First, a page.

'Green' Shanghai Tower a model for future skyscrapers

The world's second-tallest building is energy-saving and environmental friendly in water saving and recycling, roof greening and parking spaces for new-energy automobile.

Ti Gong

Fan Hongwu, a senior engineer with Shanghai Research Institute of Building Sciences Group, at the construction site of Shanghai Tower

Shanghai Tower in Pudong’s Lujiazui area is arguably the brightest star of all city skyscrapers. And it is probably also the “greenest” building in the city.

In 2015, the US Green Building Council announced that the world’s second-tallest building, which stands 632 meters, achieved Leadership in Energy and Environmental Design Platinum for Core and Shell. It also won the Three-Star Green Architecture title in China, the highest level in the country.

Dr Fan Hongwu, a senior engineer with Shanghai Research Institute of Building Sciences Group, participated in the design of Shanghai Tower. At the BAU Congress China 2017, Fan spoke with Shanghai Daily about Shanghai Tower.

Q: What makes Shanghai Tower “greener” than other skyscrapers?

A: The building is energy-saving and environmental friendly in several aspects, including water saving and recycling, roof greening and parking spaces for new-energy automobile.

The taps and toilets in the building save water. The building collects rain and reclaimed water from the hotel for use in toilets, watering greenery and underground parking wash in the office area. The water-saving rate is nearly 53 percent.

Meanwhile, the roof greening covers more than 10,000 square meters, occupying about one-third of the area, while the greening on top of the annex building covers half the area. The roof greening provides bigger activity space for people and increases the rain seepage rate.

It also has 94 parking spaces for new-energy cars to encourage people to use cars with lower emission.

SHINE

Q: What would people feel about the environment while working in Shanghai Tower?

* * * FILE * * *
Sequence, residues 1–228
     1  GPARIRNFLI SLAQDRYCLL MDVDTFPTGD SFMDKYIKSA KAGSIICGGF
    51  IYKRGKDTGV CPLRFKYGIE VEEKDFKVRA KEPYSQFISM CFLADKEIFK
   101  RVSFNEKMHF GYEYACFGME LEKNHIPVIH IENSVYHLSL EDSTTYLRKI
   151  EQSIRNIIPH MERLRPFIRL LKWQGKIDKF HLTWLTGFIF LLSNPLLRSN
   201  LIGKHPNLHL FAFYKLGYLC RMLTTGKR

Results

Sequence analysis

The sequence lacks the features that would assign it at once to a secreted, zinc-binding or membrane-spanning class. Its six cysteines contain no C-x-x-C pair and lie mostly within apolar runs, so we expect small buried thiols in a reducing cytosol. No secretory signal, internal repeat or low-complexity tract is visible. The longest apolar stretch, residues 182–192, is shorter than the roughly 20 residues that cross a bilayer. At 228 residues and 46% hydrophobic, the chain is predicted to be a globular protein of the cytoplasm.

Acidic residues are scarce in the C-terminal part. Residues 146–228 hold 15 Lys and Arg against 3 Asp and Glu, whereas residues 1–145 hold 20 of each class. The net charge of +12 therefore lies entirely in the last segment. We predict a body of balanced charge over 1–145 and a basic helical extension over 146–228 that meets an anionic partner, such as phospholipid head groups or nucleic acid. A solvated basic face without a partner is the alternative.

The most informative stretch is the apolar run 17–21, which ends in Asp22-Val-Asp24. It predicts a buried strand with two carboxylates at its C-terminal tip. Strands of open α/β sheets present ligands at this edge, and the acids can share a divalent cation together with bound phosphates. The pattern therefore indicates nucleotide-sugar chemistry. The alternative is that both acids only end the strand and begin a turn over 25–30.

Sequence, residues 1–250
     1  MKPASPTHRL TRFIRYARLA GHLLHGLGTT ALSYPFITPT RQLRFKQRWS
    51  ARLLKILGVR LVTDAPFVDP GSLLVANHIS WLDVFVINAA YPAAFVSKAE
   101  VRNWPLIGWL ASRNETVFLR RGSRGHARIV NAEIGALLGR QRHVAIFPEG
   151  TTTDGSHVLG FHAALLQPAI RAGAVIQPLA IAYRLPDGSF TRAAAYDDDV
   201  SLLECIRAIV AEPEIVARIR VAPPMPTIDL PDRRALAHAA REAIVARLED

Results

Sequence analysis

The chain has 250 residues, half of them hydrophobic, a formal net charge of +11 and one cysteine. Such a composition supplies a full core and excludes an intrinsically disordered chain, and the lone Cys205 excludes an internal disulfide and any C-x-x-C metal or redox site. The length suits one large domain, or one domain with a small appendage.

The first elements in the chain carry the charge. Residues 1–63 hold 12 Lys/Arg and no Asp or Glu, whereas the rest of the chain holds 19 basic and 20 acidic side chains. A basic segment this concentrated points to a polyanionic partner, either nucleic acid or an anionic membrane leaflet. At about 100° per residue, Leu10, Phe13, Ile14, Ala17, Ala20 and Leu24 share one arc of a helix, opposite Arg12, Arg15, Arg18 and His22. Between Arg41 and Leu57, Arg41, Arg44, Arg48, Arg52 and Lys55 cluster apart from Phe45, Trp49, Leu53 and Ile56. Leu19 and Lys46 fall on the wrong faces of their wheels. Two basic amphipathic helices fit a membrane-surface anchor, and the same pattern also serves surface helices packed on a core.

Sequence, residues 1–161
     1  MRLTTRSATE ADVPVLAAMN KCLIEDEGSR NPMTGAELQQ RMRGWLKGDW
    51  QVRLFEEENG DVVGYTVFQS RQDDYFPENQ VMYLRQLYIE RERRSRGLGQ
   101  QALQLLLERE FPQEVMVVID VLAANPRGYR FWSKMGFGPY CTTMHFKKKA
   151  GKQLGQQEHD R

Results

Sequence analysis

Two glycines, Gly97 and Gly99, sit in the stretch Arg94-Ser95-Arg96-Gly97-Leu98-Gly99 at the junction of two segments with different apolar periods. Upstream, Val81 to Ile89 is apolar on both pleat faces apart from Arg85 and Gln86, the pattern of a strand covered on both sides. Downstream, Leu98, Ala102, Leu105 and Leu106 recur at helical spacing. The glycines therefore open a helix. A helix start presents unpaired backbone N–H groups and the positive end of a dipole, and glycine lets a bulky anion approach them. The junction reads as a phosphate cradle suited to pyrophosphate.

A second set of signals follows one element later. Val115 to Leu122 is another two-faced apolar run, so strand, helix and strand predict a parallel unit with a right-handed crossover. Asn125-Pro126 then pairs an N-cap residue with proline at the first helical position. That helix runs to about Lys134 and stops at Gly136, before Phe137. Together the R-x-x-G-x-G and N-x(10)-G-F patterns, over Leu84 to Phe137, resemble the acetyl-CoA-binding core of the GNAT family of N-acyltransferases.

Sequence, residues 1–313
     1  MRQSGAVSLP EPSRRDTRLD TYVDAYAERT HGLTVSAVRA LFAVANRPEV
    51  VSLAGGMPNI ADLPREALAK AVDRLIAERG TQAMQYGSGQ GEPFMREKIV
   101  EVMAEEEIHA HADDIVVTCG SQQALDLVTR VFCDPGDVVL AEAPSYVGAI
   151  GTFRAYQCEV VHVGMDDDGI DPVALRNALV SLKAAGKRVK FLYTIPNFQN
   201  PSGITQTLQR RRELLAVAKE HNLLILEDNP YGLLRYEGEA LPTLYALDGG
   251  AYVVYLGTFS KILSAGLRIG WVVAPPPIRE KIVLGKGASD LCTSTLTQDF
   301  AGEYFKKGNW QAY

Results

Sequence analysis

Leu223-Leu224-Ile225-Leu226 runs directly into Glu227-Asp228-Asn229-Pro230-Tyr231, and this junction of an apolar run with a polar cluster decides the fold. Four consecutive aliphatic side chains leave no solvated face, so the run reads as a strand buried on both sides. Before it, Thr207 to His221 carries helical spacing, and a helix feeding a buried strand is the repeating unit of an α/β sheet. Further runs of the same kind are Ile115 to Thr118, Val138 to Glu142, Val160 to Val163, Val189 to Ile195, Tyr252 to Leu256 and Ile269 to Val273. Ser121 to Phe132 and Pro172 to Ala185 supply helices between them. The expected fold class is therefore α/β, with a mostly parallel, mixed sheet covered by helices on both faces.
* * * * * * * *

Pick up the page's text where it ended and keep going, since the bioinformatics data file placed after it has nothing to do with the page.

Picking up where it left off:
A: They will benefit from fresh air all the time. Before working on the design of Shanghai Tower, we did a survey of people working in other skyscrapers, asking them what they felt about working in high-rises.

The result was not good. Many of them complained about dizziness or headache at offices. That meant that the air quality inside was worse than expected.

It is mainly because most skyscrapers are enclosed, and people rely on central ventilation for fresh air.

In Shanghai Tower, we divided the interior into different functional areas, but they are connected with each other so that the interior has better natural ventilation. It also has a roof garden that helps in cleaning the air.

Q: What does Shanghai Tower mean for skyscraper construction industry?

A: For us, Shanghai Tower is like a guinea pig. We used many new technologies and products on this project. We will see how they work out. If they work well, we will promote them at least in the city.

Q: Is it worth building skyscrapers now?

A: It is, in fact, a very controversial topic in our business on whether it is necessary to build skyscrapers anymore.

To some extent skyscrapers can save land, but on the other hand high-rises consume more energy and require high maintenance. However, such buildings do have their own commercial value so that, at least in China, the construction of skyscrapers will not stop anytime soon. There are projects coming up in Wuhan, Beijing and other cities.

What we can do, however, is to make them as environmental friendly as possible.



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